Whether it’s paying the extra fee for “fast-passes” at amusement parks and airports, or honking and tailgating a slow driver in front of you, everything is now all about immediate gratification. In this fast-paced world, convenience is valued at a far greater price than patience.
But if we look closer we may find that most of these “conveniences” are actually not that convenient. We rush off a plane to hurry and stand in line; we honk at the car in front of us to then get stuck at a stoplight; and we pay extra to cut line, only to be greeted by the hoards of others who paid for the same service. There is no getting away from the importance of instilling patience in our everyday lives.
We are all guilty of impatience and choosing the convenient option (I am eating instant oatmeal as I type this). However, when we find ourselves agitated over the slightest delay, or unable to build healthy relationships with others because we can’t control our need for everything to go our way, re-familiarizing ourselves with the lost virtue of patience will benefit our lives tremendously.
Think about moments of your day that you dread the most. For me they would be: driving in traffic, my dog taking forever to use the restroom and typing in the security code to enter my residence. As I write them down, I realize how dumb they are, because these are things I do EVERY day and yet I still dread doing them. Why? Because if it takes me longer than the usual 13 minutes to get home I get stressed, or if my dog takes longer than five minutes to go to the bathroom I get frustrated, and well, taking 30 seconds to punch in the 4-digit code is just inconvenient. These are embarrassing to admit, but by being honest with myself I can improve my days by reducing the stress, anxiety and agitation that I may subconsciously carry throughout the day.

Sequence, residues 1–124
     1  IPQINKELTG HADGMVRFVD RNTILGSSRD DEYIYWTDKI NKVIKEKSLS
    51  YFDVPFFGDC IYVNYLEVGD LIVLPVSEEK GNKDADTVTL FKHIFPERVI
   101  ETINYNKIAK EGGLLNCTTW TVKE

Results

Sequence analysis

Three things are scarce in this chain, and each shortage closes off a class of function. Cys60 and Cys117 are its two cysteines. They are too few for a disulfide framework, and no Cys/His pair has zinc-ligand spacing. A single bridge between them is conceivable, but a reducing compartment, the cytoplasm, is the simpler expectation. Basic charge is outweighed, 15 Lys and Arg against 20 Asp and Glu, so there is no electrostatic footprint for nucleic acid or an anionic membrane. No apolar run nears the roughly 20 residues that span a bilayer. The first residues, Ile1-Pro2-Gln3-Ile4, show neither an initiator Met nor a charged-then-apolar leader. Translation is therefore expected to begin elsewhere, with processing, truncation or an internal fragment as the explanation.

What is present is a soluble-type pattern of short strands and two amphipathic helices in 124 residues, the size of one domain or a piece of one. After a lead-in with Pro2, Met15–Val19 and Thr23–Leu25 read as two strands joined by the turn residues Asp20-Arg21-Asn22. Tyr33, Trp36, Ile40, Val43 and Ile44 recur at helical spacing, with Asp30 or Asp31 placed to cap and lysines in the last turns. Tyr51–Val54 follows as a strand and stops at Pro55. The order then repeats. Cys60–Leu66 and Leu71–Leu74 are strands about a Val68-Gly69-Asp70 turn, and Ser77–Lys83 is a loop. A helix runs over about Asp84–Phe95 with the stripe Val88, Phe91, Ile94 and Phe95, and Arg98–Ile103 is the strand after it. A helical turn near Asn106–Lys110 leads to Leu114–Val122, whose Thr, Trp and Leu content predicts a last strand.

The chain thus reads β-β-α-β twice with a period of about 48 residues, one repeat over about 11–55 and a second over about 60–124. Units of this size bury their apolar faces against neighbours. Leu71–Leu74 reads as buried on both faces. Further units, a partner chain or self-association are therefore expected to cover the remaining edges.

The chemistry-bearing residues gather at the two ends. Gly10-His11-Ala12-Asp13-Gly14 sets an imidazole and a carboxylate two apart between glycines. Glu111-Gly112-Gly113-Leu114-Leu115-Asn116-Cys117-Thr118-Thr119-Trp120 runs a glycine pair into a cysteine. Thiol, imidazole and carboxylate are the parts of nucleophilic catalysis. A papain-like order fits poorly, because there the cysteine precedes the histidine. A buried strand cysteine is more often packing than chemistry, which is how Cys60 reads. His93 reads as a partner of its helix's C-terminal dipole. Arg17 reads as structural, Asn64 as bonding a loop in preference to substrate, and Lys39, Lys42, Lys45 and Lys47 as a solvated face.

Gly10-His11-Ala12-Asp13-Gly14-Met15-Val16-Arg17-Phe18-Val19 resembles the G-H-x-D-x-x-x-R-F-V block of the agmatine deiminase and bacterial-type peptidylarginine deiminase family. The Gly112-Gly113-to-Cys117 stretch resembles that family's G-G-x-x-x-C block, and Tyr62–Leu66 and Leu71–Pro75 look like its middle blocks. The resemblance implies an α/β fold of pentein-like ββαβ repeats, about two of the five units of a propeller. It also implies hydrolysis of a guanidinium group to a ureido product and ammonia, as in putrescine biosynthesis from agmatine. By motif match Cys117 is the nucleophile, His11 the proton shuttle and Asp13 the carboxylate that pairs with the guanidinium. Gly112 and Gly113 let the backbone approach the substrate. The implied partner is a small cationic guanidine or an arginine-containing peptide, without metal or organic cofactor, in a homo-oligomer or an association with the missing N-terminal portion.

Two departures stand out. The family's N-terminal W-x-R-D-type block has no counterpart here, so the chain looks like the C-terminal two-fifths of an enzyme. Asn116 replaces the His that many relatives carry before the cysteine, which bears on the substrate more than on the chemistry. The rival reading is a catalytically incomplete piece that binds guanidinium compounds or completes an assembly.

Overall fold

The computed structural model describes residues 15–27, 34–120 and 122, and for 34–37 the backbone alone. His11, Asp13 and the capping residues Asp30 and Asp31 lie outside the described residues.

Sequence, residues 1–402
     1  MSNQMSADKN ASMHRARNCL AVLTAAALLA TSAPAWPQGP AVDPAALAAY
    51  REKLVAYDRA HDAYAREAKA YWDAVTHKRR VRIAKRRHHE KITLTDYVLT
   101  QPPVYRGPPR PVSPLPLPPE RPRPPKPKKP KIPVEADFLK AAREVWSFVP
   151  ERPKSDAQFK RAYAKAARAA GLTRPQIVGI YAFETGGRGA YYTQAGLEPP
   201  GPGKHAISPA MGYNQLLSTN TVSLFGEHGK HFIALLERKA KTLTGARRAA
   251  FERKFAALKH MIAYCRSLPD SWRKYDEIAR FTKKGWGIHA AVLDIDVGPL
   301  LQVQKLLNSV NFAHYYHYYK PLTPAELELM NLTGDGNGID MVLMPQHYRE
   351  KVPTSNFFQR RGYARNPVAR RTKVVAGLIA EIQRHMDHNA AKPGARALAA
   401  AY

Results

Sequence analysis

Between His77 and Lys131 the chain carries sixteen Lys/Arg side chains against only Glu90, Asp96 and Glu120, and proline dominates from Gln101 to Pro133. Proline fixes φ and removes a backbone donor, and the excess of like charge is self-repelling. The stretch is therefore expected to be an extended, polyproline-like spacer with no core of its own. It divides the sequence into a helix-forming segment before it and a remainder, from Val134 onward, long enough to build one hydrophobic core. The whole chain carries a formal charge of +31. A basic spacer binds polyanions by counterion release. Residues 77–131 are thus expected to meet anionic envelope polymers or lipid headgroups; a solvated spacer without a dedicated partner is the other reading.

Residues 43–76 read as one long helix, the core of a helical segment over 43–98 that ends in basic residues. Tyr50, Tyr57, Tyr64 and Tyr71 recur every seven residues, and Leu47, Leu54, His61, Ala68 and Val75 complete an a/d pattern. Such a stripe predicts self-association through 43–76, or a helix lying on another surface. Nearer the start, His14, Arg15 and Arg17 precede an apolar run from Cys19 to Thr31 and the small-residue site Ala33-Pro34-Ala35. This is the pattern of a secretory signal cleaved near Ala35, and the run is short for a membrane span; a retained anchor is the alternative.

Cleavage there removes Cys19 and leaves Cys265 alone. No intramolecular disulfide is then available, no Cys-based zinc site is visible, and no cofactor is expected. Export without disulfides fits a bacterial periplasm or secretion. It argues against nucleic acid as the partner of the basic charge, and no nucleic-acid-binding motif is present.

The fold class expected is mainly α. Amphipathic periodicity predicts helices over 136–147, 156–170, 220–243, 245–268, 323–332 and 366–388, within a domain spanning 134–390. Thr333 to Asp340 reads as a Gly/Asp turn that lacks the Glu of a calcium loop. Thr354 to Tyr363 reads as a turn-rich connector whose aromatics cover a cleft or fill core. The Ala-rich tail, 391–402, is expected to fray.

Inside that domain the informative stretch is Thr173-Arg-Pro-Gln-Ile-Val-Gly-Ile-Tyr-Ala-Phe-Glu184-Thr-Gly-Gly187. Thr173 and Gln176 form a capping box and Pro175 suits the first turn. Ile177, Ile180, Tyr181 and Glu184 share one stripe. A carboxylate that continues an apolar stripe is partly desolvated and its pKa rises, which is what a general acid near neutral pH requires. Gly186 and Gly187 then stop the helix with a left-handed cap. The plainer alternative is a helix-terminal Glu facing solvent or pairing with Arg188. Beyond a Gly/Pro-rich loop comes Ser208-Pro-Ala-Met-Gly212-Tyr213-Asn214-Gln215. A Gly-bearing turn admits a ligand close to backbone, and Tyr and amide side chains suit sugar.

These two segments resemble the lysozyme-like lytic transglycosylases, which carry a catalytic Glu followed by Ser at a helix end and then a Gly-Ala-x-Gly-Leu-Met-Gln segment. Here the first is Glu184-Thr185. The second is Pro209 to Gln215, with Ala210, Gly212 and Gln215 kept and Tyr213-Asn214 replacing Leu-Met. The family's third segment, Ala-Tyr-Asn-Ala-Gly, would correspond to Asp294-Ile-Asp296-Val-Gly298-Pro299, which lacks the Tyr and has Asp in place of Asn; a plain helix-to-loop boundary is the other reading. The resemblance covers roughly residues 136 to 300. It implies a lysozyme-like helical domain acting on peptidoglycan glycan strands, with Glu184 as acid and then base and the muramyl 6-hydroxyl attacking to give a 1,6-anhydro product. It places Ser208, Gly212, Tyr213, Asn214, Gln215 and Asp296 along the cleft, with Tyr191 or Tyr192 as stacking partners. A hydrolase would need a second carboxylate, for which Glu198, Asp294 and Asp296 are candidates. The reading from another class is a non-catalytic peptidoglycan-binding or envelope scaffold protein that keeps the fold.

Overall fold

Here are some simple ways to develop and practice patience every day:
Patience comes with practice. Becoming aware of the importance of being a more patient person enriches our lives infinitely. We become kinder, less anxious, friendlier and less stressed. In a world full of instant gratification, it is now more than ever that patience and delayed gratification should be practiced, enforced and cherished. After all, we all know Rome wasn’t built in a day.
When you were a child, did your parents ever leave you little notes in your lunch box? I’m not in the habit of leaving daily notes for my kids, but one day this year I grabbed pen and marked “I ♥ U” on my child’s napkin. I had pretty much forgotten about doing it by the time we were out the door on the way to school, so I was surprised that my kindergartener was bringing it up weeks after.